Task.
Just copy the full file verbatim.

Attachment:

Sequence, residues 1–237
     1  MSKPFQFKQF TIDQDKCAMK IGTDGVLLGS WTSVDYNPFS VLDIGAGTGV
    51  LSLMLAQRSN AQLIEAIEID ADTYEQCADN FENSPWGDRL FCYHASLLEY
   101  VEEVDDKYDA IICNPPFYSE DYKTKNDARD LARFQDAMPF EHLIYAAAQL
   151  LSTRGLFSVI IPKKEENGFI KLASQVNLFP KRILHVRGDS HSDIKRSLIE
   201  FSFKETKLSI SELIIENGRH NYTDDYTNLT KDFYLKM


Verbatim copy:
Sequence, residues 1–237
     1  MSKPFQFKQF TIDQDKCAMK IGTDGVLLGS WTSVDYNPFS VLDIGAGTGV
    51  LSLMLAQRSN AQLIEAIEID ADTYEQCADN FENSPWGDRL FCYHASLLEY
   101  VEEVDDKYDA IICNPPFYSE DYKTKNDARD LARFQDAMPF EHLIYAAAQL
   151  LSTRGLFSVI IPKKEENGFI KLASQVNLFP KRILHVRGDS HSDIKRSLIE
   201  FSFKETKLSI SELIIENGRH NYTDDYTNLT KDFYLKM